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Live from Home

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Album Review

For roughly ten years, mostly coinciding with the '90s, D.C.'s Shudder to Think made some of the most intelligent, intricate, and downright interesting indie rock around. Craig Wedren's delicate, borderline-falsetto '50s torch singer-wail hovered over dark novellas of three-minute songs which ranged from the jagged post-hardcore of "Hit Liquor" to the barroom garage punk of "X French T-Shirt" to the pure melodic joy of "Red House" (a near-pitch-perfect pop single which modern rock radio somehow slept on). It's the sort of wide span one might expect from a band who spent time both on Dischord and Sony Records. In 1998, bassist Nathan Larson left for solo projects and Shudder to Think dissolved. The band was silent until 2007 when they re-formed for a one-off at the Mercury Lounge, then re-formed again for a short tour in 2008 and kept adding more dates as if in the flush of a renewed and cherished love affair. Live from Home, culled from that 2008 tour and released by Conor Oberst's Team Love imprint, captures that sort of spirit, that of a band who truly missed playing together, energized with the glory of rediscovering each other's musical quirks. The album opens on "Red House," and the song's deliberate build amps up the excitement and the rock & roll Sturm und Drang never lets up. Perhaps it's the pent-up energy of a powerful live band, dormant for nearly a decade, whose stage set had never been burned to wax, but Live from Home captures the thrill of the show about as well as can be done. Shudder to Think's zest in their return is palpable, this live recording both a fan essential and a good starting point.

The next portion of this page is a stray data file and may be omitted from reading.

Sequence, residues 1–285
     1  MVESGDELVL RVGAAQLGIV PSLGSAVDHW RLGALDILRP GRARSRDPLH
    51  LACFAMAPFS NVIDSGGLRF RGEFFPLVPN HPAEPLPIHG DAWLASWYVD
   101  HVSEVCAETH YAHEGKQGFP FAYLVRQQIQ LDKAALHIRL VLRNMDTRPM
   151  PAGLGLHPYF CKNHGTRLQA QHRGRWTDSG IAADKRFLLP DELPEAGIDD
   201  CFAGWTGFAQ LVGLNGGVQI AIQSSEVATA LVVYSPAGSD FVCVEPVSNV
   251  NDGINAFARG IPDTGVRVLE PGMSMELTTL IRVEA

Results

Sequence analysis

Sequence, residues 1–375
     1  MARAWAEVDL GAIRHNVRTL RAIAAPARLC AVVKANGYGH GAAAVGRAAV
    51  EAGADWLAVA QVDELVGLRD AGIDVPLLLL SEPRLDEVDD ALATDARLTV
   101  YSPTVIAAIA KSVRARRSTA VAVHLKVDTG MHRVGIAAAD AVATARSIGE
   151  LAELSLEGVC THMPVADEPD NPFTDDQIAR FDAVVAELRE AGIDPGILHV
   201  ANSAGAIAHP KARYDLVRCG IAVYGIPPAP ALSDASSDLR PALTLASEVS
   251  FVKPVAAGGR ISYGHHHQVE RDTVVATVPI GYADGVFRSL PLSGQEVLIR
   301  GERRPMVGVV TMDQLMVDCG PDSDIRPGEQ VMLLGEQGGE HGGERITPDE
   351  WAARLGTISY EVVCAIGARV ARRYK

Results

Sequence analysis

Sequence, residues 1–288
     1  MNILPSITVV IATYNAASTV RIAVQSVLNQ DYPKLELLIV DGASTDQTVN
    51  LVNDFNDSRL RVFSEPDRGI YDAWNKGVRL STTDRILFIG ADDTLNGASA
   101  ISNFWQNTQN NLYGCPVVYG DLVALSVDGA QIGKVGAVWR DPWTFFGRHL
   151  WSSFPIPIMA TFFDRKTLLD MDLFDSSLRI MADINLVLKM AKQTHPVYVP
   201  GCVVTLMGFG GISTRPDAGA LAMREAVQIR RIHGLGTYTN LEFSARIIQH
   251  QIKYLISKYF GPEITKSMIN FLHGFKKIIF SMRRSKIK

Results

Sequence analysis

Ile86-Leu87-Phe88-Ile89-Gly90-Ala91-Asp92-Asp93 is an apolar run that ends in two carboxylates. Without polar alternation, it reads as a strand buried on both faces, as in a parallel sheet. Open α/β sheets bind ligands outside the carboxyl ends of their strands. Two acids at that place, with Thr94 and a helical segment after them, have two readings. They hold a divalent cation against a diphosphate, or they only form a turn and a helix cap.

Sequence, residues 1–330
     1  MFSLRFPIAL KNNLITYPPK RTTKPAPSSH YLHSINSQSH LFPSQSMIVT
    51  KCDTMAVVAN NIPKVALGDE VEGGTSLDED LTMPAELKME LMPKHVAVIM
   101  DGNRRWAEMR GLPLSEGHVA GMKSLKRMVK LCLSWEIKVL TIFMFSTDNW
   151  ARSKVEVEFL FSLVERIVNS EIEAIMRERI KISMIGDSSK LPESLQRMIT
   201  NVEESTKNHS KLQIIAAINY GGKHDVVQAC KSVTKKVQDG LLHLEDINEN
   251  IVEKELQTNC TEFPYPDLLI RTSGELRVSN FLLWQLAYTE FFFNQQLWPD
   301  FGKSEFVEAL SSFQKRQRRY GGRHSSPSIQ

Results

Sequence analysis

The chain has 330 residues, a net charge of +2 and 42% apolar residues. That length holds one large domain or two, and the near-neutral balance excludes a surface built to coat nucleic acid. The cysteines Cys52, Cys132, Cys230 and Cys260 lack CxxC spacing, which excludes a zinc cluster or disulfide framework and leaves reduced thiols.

Customer Reviews

It has been awhile!

I had the pleasure of working with this band when I was a marketing representative at Sony Music in the Mid-90's. I remember I had just received the advance copy of the "Pony Express" album along with advance copy of Jeff Buckley's "Grace". I remember my first comment when hearing Pony for the first time. " Either this is frickin' weird or they are bloody amazing" I quickly realized they were bloody amazing!
This live album displays Scott Wedren's true vocal talent and brings to life these ageless songs from over a decade ago. Ironically this band was one of Jeff Buckley's favorites. I do hope this wasn't a one time reunion and the do get back together to work on new material and a new tour. We are missing hi-octane rock with melodic vocals coming out of the North America!

Biography

Formed: 1986 in Washington D.C.

Genre: Alternative

Years Active: '90s

Shudder to Think's hardcore punk background (courtesy of their affiliation with the D.C.-based label Dischord Records, also the home of Fugazi) doesn't give the best indication of their sound, since the group embraced pop influences and a skewed sense of songwriting as well. Formed in 1986, the band's initial lineup — vocalist/guitarist Craig Wedren, guitarist Chris Matthews, bassist Stuart Hill, and drummer Mike Russell — released two singles and one 1989 album (Curse, Spells, Voodoo,...
Full bio